# Non-Uniform Plane Waves, Multiple values of E and H?

1. Oct 14, 2008

### Tawoos

I have a question in Electromagnetics, precisely about non-uniform plane waves.

In the lecture, the professor made a strange assumption, he first used two of Maxwell's equations to get an expression for E and H (which he called E1 and H1). Then he used the remaining two to derive what he called E2 and H2. He also defined the complex wave number k. Then he stated that if alpha (the attenuation) was zero, the wave would be a uniform plane wave (Okay I understand this, but ..) then he said that if alpha was not zero and alpha was perpendicular (why perpendicular? why not just "at an angle"?) to beta, the wave is a non-uniform plane wave.

Okay, I think I understand the meaning of giving alpha and beta directions. I also understand that if there is an angle between them, then planes of constant phase wouldn't coincide with planes of constant amplitude. Therefor the wave wouldn't be uniform. Meaning, any plane of constant phase would contain points of different amplitudes.

What I don't understand is what he calls E1, E2, H1, H2. How can Maxwell's equations give different values for the same quantity!? I know that the four equations are not independent, but can they contradict? What “is” E1 and E2? And which is the one that's actually there in space?

Another question,

k is a complex vector, I understand. But I can't imagine it's orientation in space when alpha and beta aren't in the same direction. I know that the wave propagates – by definition – in the direction of beta. But what about k? What “is” k??

if k = (3 + 2j) ax + (1 – 5j) ay + (4 + 10j) az for example. How would such a quantity point in space?

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2. Oct 14, 2008

### Ben Niehoff

For an ordinary plane wave, k is the "wave vector". In this case, k represents the direction the wave is traveling, and the space frequency (i.e., reciprocal wavelength).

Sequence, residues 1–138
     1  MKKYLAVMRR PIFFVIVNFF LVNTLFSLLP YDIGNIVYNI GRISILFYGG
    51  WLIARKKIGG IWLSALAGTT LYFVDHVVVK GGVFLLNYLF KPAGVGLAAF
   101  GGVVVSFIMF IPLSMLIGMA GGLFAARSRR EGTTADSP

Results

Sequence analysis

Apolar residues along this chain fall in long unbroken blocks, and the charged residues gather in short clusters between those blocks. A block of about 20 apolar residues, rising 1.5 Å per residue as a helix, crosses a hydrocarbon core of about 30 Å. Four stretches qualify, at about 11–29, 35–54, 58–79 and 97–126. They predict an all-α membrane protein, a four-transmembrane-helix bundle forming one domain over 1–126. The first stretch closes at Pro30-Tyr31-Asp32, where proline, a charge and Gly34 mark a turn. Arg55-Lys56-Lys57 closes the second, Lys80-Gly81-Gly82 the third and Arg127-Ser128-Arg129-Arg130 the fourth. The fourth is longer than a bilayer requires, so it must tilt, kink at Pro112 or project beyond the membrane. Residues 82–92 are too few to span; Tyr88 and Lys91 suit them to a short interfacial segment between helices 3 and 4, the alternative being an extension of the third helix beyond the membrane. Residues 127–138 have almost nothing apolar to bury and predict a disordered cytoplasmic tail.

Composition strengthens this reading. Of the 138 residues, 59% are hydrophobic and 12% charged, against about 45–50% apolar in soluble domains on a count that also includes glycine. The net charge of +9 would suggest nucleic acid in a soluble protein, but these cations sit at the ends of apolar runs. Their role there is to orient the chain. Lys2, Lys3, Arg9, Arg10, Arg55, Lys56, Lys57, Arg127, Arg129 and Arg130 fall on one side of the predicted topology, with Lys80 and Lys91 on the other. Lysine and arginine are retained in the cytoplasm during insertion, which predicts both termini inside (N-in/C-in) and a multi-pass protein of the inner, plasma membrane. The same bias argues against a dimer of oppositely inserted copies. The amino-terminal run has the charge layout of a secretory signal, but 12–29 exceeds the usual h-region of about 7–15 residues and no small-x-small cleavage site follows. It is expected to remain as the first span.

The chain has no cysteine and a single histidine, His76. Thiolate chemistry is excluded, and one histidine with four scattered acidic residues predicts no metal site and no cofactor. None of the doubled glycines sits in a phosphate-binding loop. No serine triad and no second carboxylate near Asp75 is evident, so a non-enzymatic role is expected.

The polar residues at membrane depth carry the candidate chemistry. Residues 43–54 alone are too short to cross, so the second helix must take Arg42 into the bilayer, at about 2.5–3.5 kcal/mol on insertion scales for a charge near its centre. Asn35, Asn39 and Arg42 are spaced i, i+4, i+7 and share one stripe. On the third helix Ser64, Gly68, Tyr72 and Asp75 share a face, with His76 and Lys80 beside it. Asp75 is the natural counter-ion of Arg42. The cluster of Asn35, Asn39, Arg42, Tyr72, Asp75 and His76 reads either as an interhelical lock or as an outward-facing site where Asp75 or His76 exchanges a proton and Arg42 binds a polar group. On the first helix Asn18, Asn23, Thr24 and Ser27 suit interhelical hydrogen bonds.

For a wave traveling through an absorptive medium, there will be attenuation. The simplest case is where the medium is isotropic: then the absorption always happens in the direction the wave is traveling (otherwise, you will have uneven absorption of the wave, which amounts to changing the wave's direction). The imaginary part of k is the absorption coefficient.

So, consider a plane wave traveling through an absorptive, isotropic medium. It will experience exponential attenuation; you might represent the amplitude of the wave as

$$e^{-\alpha x} \cos(\beta x)$$

which is, conveniently, the real part of

$$e^{(-\alpha + i \beta)x} = e^{i(\beta + i \alpha)x}$$

which is just

$$e^{i \vec k \cdot \vec x}$$

for the appropriate k and x. If you visualize the shape of this wave, it is like an infinite sheet, oscillating and attenuating in the x direction.

But if you look in a direction perpendicular to the x direction, the amplitude of the wave does not attenuate: consider, for example, tracing the contour of the wave surface as you travel from (x, 0, 0) to (x, y, 0). In this sense the "wave fronts of constant amplitude" are perpendicular to the direction the wave is propagating.

As for saying what direction k "points", another way to think of it is that

$$\vec k = k\hat n$$

where n is a unit vector pointing in the direction the wave is propagating, and k is some complex number; in this case, we treat k formally and forget about what "direction" an imaginary vector points.

As for E and H, you do all your calculations with complex numbers, and at the end you finally take the real parts. The only reason for all of this is that e^(iwt) is much nicer to deal with than sin(wt).

3. Oct 17, 2008